Advice for patients who are non-weight bearing

Crutches - patients who are non-weight bearing

Non-weight bearing

Andrew “Fred” Robinson, Consultant Foot and Ankle Surgeon
Moira Burgham, Nursing Sister

You may have been told you that you will be non-weight bearing on your operated leg after your surgery. This means you will have to hop on your good leg, with your operated leg not touching the floor. The time you will be non-weight bearing varies, but is usually for 2 weeks. This will affect many daily activities and can be very tiring, so it is a good idea to plan ahead as you will need some support at home.

Walking aids

A physiotherapist will assess your mobility after your surgery, and will teach you to use an appropriate walking aid. This will probably be crutches or in some cases a walking frame. A frame provides more support for patients with poor balance, or weak arms, but for most people crutches suffice. The hospital does not loan equipment, and you will be charged for crutches or a frame. Frames can be hired from the Red Cross. If you have borrowed equipment please bring it to the hospital with you. The physiotherapist can then check that it is safe and the correct height.


Some patients find it useful to hire a wheelchair to allow them to get out and about. It is advisable to have an adjustable footrest that will keep the operated leg elevated.

A few patients, who already have existing mobility problems or weakness in their unaffected leg or arms, may not manage to hop with a frame. They will have to transfer from chair to bed or toilet, and use a wheelchair for getting around. In this case it is necessary to check the width of doorways and if there is adequate space in the toilet. It may be necessary to hire a commode temporarily.

Sitting to standing

It can be quite difficult to get from sitting to standing from a low chair, especially if your unaffected leg is weak, so it may be advisable to sit in an upright chair with arms.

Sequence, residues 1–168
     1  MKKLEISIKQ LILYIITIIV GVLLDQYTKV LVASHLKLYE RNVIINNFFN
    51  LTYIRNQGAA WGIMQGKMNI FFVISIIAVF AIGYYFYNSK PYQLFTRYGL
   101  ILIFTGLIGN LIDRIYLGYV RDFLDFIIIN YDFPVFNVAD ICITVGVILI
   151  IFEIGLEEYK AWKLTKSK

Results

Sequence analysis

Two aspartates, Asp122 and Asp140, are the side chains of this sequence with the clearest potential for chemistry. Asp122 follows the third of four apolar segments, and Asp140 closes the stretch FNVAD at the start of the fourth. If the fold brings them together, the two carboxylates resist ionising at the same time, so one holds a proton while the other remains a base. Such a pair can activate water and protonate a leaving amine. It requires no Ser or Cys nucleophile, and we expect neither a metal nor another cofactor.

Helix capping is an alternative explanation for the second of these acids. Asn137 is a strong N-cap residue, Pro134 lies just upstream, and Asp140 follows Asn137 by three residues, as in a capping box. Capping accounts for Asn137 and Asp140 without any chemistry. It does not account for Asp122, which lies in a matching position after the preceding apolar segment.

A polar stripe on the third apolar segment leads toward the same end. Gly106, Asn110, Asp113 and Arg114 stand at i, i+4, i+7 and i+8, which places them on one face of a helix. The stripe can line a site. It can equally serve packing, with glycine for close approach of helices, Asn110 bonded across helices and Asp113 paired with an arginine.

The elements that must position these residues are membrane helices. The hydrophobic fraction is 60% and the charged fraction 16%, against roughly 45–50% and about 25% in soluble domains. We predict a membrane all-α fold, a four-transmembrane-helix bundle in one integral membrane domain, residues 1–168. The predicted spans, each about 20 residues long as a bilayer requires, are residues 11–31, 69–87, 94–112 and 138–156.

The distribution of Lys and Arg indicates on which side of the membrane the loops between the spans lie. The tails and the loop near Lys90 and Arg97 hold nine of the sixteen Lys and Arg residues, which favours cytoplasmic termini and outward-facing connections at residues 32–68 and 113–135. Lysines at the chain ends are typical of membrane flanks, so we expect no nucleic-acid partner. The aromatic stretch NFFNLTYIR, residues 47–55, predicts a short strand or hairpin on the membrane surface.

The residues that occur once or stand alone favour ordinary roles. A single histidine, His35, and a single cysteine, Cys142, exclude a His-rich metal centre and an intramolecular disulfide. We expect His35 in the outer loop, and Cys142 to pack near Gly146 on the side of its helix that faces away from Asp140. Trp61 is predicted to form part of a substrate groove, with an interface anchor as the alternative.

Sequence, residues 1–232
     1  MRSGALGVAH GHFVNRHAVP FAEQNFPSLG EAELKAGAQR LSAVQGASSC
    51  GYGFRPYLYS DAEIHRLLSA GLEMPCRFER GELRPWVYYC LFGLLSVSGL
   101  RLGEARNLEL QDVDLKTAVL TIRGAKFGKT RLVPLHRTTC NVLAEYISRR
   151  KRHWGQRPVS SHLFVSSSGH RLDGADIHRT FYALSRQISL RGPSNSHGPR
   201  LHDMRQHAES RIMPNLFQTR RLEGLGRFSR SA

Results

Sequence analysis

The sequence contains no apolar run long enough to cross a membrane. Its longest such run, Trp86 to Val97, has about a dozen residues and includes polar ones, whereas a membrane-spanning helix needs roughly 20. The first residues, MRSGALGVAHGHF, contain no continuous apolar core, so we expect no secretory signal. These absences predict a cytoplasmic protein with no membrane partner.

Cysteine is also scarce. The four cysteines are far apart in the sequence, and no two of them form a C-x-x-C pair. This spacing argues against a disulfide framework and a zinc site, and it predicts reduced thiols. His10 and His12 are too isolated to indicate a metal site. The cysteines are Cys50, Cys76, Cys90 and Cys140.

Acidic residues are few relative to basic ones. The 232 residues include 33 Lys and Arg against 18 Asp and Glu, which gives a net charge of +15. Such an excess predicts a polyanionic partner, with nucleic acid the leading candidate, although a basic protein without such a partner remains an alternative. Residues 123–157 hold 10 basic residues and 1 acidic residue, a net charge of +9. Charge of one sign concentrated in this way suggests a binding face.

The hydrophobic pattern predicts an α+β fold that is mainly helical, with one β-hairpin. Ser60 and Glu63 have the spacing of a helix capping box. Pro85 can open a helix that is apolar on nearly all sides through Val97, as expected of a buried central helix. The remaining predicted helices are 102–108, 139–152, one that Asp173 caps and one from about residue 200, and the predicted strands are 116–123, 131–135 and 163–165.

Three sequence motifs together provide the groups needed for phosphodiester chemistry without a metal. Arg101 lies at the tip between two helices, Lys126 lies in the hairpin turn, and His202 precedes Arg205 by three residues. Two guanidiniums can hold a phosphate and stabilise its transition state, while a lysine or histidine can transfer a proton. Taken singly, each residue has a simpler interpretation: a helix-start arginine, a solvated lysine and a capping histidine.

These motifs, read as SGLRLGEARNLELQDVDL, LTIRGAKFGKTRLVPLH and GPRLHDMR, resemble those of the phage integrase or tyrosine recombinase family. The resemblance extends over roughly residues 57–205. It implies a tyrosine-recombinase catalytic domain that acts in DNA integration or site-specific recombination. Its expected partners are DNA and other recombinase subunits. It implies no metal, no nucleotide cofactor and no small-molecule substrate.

It may also be helpful to hire a toilet frame and raised toilet seat as toilets seats are usually low.


The physiotherapist will show you how to manage stairs with crutches. If you have weak arms, or are using a frame, you will have to do the stairs on your bottom. The main difficulty is standing back up when you get to the top of the stairs. You can use a low stool to lift you up in stages. Alternatively you can try getting on your hands and knees and pulling yourself up on a chair. It is useful to try this at home before your surgery; it can be harder than you think. Alternatively, you can bring a bed downstairs temporarily.


It is important to keep the cast and dressing dry. The nurse or physiotherapist can give you information about a product that will keep your leg dry while you shower. It is possible to shower in a walk in shower by sitting on a plastic stool or chair. Alternatively you can bathe/shower by sitting on a bath board. Wet wipes are useful for cleaning between your toes.


For the first 2 weeks it is advisable to keep swelling to a minimum by keeping your leg elevated to the same height as your bottom on a pouffe or a stool, for at least 45 minutes each hour. Alternatively you can sit on a sofa, with your legs across it.


It is essential to take extra care when using crutches or a frame. Beware of hazards such as pets, slippery floors and loose rugs.

If you live alone

It is advisable to stay with someone, or arrange for someone to come in and help you with household tasks, shopping and pets. A small rucksack is useful for carrying things around the house, but you will not be able to carry drinks and plates of food while you are non-weight bearing.


It is possible to borrow most of the equipment mentioned above, from your local Red Cross on a short-term loan, for a small fee or donation.

Contact details for the Red Cross
Cambridge 01223 868696
Unit C, 511 Coldhams Lane, Cambridge, CB13JS

Ely 01353 664147
19 West Fen Road, Ely, Cambridgeshire, CB6 1AN

St Neots 01480 213376
Cemetery Road, St Neots, PE19 2BX